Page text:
• only based on a two month window
  • Based on a 70/30 portfolio, and of course depends on tax bracket
  • Even so, the numbers suggest a $716 TLH on a portfolio of $150,000, so about .47%.  If you capture 30% of that due to tax bracket, it's reduced to a benefit of about .14%, which roughly offsets the best Betterment fee of .15%, and would not come close to the .25% fee for less than $100k accounts 

Two other somewhat related questions:

(1) Should high-yield savings accounts be treated as "bonds" for purposes of calculating your asset allocations across a variety of platforms? Both my Betterment taxable holdings and my Vanguard 401k are set at 90/10, but when I add in $10k held in two Netspend savings accounts at 5%, my revised allocation drops to roughly 75/25. 

(2) Should Lending Club investments be treated like equity for purposes of calculating asset allocations?  Assuming a fairly high-grade allocation (and maybe even with low-grade notes), it seems like sound reasoning based on risk, but LC is fixed income and therefore could count as diversification from equity.  (Consider a scenario where (i) the broader equity market has tanked into a recession and (ii) consumer debt defaults have risen to a point where interest on LC notes is completely offset by charge-offs, e.g., negative returns.  If things were to get this bad -- imagine how much equities would be down?  Of course this ignores a 'bankruptcy of LC' scenario which obviously would be very bad, also.)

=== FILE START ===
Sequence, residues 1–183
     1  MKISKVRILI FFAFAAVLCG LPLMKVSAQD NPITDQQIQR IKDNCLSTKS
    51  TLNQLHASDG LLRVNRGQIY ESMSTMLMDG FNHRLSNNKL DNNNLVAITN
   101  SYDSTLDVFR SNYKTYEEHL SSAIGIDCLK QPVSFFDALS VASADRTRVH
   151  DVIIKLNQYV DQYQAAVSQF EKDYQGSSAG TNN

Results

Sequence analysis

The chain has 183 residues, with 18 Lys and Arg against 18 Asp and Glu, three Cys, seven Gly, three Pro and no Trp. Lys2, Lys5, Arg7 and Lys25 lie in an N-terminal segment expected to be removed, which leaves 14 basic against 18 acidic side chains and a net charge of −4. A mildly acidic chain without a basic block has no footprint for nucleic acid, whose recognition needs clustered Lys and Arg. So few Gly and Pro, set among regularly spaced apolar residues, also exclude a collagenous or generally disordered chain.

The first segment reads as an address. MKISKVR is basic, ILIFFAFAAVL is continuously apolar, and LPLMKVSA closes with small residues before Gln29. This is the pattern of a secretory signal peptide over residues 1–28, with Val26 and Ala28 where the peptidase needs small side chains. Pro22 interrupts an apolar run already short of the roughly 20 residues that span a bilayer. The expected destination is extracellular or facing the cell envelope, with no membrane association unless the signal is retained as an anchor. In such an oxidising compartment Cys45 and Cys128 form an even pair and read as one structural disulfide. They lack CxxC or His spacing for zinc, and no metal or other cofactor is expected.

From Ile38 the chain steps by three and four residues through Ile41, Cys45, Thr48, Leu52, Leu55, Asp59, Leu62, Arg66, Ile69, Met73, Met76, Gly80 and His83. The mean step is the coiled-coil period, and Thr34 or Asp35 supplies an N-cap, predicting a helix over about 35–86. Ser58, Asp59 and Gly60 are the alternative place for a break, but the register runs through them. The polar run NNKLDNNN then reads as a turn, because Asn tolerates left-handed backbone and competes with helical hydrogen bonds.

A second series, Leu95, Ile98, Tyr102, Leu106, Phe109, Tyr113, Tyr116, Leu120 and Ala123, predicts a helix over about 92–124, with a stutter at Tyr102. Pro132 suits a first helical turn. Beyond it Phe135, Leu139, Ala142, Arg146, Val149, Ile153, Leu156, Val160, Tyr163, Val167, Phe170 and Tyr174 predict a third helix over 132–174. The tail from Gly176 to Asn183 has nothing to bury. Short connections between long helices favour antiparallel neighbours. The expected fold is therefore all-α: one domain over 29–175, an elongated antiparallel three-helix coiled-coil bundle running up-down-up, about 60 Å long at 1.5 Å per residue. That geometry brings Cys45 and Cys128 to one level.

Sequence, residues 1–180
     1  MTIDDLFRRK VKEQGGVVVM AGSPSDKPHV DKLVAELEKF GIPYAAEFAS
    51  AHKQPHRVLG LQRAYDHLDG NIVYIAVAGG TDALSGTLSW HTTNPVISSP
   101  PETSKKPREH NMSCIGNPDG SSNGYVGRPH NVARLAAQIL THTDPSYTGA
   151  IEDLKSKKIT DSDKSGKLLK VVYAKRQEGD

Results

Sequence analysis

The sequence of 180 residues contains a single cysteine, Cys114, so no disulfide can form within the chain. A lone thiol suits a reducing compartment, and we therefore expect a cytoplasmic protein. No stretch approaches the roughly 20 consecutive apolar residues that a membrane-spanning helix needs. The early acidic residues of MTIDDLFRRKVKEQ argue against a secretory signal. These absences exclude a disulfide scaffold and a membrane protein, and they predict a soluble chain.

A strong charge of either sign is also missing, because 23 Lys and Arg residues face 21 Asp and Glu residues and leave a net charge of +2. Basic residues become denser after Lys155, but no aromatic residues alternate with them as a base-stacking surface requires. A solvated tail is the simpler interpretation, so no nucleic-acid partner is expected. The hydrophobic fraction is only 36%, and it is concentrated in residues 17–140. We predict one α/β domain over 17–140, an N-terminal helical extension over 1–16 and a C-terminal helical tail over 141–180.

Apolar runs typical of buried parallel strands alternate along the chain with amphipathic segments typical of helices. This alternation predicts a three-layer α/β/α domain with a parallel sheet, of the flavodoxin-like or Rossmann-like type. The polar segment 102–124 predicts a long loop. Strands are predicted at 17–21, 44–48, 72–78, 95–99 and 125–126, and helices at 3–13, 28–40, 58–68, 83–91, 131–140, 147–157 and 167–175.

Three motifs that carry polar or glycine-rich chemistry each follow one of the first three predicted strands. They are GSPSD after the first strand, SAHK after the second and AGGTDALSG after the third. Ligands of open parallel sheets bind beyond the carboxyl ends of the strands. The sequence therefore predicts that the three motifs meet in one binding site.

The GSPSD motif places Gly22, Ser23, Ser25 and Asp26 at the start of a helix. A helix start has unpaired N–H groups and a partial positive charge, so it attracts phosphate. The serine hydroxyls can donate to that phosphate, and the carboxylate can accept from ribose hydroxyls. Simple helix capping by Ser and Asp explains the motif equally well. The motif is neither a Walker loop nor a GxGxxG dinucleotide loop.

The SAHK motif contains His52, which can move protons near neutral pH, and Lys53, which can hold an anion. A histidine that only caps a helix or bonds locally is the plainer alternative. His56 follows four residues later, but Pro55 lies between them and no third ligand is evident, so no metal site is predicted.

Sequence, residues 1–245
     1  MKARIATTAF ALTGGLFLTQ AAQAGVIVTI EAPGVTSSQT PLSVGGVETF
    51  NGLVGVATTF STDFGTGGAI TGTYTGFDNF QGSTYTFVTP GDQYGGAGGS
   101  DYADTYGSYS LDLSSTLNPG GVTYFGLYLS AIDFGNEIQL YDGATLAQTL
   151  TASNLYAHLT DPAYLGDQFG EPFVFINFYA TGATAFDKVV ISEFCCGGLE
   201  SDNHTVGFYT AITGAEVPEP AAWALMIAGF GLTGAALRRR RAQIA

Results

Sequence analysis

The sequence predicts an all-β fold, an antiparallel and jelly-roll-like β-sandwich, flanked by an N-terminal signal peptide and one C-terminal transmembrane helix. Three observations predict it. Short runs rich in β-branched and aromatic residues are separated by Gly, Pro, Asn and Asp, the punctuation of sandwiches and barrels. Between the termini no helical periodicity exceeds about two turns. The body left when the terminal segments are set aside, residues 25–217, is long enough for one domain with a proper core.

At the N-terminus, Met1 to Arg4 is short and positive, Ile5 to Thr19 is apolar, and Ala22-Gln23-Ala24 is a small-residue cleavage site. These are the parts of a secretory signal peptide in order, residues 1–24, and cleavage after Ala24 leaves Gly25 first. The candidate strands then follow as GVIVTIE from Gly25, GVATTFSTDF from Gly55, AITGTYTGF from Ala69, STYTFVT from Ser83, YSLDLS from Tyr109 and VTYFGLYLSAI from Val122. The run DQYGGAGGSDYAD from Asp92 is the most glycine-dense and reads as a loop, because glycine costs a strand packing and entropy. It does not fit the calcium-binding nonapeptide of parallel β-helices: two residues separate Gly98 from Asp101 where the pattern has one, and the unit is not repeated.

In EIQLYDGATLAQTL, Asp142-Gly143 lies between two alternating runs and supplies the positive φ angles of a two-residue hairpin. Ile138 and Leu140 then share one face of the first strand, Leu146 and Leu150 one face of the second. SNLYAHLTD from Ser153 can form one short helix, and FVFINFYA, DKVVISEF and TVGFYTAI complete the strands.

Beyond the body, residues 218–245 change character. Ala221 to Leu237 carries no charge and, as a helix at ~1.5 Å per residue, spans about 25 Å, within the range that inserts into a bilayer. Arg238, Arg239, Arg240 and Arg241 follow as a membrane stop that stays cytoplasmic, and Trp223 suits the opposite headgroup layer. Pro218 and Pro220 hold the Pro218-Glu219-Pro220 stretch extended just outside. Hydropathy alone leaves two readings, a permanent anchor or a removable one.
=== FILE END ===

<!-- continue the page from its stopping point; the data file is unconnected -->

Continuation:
« Last Edit: May 16, 2016, 03:58:10 PM by zombiehunter »

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Re: Going with Vanguard, no more Betterment
« Reply #44 on: May 18, 2016, 07:33:51 AM »